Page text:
Written by Ray Fawkes, Scott Snyder, James Tynion IV, and more
Art by Trevor McCarthy
Published by DC Comics
Release Date: May 14, 2014

Batman_Eternal_Vol_1-6_Cover-1_TeaserAs a gang war looms in Gotham City, focus shifts to the macabre as Jim Corrigan, host to the deadly Spectre, arrives at Wayne Manor. Will Batman and Batwing be willing to follow where the grim ghost leads? And if so, will they be prepared for the next assault by the deadly Doctor Phosphorus?

There are distinct pluses and minuses to a weekly comic book. For sure, keeping fans coming back to the comic shop every Wednesday for a new chapter is a huge advantage for keeping your readers interested. The only dilemma is, you have to keep building on the prior week’s adventure, or else you’ve wasted the advantage of strong short-term memory on the part of your audience. Batman: Eternal #6 may not be taking full advantage in this case.

By itself, the issue is an engaging story. Fawkes begins his micro-plot involving the more supernatural elements of Gotham’s new “worst year ever” with not one, but two supernatural beings to bounce off of the ultimate techno-geek Batwing. To Fawkes’ credit, this is the most integrated I have seen Batwing in Batman’s world, and both his personality and role in the universe is seamlessly brought into the story.

We are also treated to the first significant introduction to Jim Corrigan’s personality and motivation in the New 52, and I’m pleasantly surprised at how charming he actually is. No grim and dour weight on this detective’s shoulders, which is a complete 180 from how those possessed by a larger entity in DC history tend to react. I get the feeling we’ll have as much to learn about Jim as about the Spectre in months to come.

Where I take issue with this chapter in the yearlong saga, however, is that it still feels like we’re solely engaging in set-up — which makes sense if you look at the whole 52 issue arc, but feels problematic six real-time weeks in. Maybe it’s the downside to the structure of the writing duties, where, unlike with Futures End or the classic 52, writers take arcs to tell their stories individually. Or maybe its because the series is planned from a 20,000 foot view of 52 chapters, so slow introduction still happening in #6 makes sense. But it doesn’t feel that way on the ground, and that’s working against the title in my opinion.

Trevor McCarthy handles art duties for the first time in the series run, giving us some fantastically creepy and beautiful scenes, particularly with Doctor Phosphorus and the Joker’s Daughter. His layouts are not nearly as creative as those we saw in Batwoman last year, but his attention to detail balancing with a strong, heavy inkline make for a really perfect graphic approach.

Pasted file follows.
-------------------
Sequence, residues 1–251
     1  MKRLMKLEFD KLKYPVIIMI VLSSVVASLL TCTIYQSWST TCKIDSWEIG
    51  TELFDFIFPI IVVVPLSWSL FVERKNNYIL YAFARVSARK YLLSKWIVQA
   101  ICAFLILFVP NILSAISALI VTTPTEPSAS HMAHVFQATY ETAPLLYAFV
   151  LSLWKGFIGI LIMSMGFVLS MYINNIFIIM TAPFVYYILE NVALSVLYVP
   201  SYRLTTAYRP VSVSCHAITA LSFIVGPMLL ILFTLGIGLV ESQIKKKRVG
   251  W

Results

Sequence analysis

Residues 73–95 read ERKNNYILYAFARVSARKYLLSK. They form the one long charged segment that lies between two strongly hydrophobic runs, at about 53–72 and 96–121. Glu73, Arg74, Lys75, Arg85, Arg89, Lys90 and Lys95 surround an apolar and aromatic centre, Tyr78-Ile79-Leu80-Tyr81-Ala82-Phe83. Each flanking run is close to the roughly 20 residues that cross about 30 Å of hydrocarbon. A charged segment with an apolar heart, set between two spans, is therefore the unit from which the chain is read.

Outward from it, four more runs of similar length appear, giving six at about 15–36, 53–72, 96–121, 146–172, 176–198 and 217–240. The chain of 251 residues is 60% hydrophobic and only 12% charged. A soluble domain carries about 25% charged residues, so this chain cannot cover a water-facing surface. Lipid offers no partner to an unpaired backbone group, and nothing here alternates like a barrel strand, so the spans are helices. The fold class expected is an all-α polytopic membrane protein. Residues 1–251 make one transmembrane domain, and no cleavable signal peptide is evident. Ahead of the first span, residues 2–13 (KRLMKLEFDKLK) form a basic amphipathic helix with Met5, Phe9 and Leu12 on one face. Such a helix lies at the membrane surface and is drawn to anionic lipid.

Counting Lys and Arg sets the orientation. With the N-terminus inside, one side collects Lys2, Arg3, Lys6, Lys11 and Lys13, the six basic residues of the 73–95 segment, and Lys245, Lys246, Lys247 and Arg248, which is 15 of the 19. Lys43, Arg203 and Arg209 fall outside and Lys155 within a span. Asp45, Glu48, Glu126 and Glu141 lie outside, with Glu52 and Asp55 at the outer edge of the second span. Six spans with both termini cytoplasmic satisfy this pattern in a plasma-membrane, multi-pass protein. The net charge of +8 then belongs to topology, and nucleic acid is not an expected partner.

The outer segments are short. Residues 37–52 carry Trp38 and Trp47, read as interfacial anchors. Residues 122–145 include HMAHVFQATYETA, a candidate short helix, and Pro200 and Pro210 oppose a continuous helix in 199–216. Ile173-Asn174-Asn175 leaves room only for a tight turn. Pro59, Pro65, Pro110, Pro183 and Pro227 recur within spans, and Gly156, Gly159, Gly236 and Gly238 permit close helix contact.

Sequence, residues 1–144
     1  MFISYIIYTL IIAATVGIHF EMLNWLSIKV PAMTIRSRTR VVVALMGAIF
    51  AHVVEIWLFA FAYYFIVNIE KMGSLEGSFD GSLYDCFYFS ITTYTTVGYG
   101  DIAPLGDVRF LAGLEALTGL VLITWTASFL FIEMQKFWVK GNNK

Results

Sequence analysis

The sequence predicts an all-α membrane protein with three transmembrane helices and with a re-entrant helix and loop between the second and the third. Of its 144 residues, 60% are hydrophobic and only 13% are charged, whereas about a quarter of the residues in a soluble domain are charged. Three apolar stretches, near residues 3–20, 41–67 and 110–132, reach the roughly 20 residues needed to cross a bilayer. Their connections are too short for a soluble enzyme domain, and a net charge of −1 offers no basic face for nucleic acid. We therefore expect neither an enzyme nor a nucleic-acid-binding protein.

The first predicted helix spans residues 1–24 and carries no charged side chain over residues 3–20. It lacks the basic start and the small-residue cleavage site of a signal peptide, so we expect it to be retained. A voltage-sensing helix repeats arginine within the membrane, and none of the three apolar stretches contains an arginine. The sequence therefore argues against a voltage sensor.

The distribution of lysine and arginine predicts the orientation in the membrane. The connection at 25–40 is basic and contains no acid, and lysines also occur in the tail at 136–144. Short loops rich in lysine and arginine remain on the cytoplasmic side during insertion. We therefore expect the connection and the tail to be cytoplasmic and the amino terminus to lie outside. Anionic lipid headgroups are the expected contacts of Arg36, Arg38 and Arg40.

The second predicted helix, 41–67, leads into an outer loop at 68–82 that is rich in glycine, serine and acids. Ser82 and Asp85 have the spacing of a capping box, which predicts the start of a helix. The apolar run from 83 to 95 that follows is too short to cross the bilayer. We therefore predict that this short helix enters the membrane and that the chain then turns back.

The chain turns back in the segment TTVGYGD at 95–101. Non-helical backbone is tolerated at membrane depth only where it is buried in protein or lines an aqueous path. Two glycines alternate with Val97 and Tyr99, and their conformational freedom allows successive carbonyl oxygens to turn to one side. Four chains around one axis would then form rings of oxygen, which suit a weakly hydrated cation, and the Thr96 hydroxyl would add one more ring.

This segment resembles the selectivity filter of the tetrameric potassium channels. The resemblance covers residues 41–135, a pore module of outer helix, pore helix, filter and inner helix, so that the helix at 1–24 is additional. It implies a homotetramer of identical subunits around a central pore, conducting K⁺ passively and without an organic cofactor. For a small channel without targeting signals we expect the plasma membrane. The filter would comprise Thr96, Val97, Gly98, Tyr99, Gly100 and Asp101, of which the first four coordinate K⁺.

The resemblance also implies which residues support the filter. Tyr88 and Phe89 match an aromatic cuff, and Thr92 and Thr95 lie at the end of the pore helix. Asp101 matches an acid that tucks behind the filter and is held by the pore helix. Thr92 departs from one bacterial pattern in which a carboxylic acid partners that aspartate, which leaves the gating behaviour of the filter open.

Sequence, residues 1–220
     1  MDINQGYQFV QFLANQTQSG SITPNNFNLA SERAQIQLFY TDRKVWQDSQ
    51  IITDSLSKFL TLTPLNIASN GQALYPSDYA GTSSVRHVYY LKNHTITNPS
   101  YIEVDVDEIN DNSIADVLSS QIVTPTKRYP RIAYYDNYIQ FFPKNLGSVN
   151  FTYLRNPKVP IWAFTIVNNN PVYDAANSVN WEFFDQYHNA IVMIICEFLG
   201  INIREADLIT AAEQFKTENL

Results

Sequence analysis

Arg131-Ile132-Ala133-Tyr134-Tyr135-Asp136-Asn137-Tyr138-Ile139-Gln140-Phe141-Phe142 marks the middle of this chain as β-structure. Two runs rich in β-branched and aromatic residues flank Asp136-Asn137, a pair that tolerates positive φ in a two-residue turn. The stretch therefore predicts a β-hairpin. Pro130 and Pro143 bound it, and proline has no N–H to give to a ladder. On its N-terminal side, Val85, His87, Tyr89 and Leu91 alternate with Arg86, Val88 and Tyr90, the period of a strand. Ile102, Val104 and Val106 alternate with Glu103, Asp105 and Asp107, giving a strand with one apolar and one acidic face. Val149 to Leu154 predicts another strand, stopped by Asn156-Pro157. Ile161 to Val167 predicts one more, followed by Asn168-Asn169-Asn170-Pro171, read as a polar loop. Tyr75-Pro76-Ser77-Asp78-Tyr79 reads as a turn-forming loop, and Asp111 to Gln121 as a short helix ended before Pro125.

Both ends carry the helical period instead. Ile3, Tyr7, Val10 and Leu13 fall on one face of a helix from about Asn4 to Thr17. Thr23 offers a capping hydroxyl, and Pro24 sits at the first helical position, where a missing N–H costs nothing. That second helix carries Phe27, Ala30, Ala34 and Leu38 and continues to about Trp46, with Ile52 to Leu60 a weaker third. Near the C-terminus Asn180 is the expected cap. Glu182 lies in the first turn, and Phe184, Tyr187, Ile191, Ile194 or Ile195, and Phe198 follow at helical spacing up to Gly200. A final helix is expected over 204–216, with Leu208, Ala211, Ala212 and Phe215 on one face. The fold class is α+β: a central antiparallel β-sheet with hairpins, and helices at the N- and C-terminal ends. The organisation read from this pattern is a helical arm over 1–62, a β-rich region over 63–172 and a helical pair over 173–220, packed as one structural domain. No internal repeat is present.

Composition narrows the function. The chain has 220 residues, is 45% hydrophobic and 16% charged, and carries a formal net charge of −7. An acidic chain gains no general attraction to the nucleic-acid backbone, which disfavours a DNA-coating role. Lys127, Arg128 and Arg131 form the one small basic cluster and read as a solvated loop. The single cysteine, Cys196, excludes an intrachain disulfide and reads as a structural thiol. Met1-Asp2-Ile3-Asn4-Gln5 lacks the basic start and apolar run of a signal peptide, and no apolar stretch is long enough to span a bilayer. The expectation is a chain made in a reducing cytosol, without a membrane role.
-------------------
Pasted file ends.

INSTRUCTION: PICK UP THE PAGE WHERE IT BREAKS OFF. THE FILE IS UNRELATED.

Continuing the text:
Particularly in regard to the supernatural elements Fawkes looks to be playing with in his storyline, McCarthy is indeed the perfect choice. Strong silhouettes and an interesting interplay between bright characters in very dark scenes make for an exceptionally moody tone. The only wish I had is that this tone carries over to the intermittent talking heads scenes, where unfortunately that feeling breaks every time back down into standard comic book flatness.

As a series, I’m very much enjoying Batman: Eternal, and even as an individual issue, #6 has a lot to love. But, the combination of the two — at this point in the ongoing — leaves me a little wanting. If every additional writer to come (Layman, Seeley, Higgins) have this sort of stop and start motion, it’s going to slow the momentum of excitement down to a crawl. And I want to have that rip-roaring adventure every week that we got in the first few issues. A weekly book really needs that to fulfill its mission.

The Verdict: 7.5/10



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  1. joekierre said:

    I’m starting to feel the heavy burden of buying weekly Batman Eternal comic books 🙁
    To think that Amazing Spidey is also weekly, sigh :_(

  2. M0rg0th said:

    I’m still loving the series but it’s kinda weird that this issue introduced even more elements to the story. I assume the events of this episode will play a role in the overall story…? Who knows, I certainly hope that the weekly issues doesn’t lead to the series juggling a ton of stuff at the same time in an effort to somehow involve the whole Bat-verse for some reason.